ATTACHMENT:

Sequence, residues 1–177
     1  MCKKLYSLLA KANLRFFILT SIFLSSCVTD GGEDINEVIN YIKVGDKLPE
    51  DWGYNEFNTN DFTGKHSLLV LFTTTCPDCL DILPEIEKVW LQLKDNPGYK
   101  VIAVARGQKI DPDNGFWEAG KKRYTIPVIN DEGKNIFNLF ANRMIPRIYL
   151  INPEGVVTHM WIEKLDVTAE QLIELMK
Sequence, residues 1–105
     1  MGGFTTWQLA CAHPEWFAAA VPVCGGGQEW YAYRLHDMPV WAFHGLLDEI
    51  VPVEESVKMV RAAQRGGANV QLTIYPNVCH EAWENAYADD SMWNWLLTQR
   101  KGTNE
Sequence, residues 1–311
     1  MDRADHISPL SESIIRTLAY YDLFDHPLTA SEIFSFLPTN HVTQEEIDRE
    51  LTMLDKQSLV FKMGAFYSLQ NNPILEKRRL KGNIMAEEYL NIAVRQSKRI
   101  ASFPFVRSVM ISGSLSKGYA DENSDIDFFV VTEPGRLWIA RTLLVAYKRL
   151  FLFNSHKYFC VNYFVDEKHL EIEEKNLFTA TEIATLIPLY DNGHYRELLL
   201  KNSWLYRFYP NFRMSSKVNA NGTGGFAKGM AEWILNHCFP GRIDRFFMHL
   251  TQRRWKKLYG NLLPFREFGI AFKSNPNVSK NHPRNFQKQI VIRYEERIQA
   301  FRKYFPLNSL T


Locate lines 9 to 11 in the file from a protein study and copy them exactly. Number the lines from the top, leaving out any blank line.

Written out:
   101  KGTNE
Sequence, residues 1–311
     1  MDRADHISPL SESIIRTLAY YDLFDHPLTA SEIFSFLPTN HVTQEEIDRE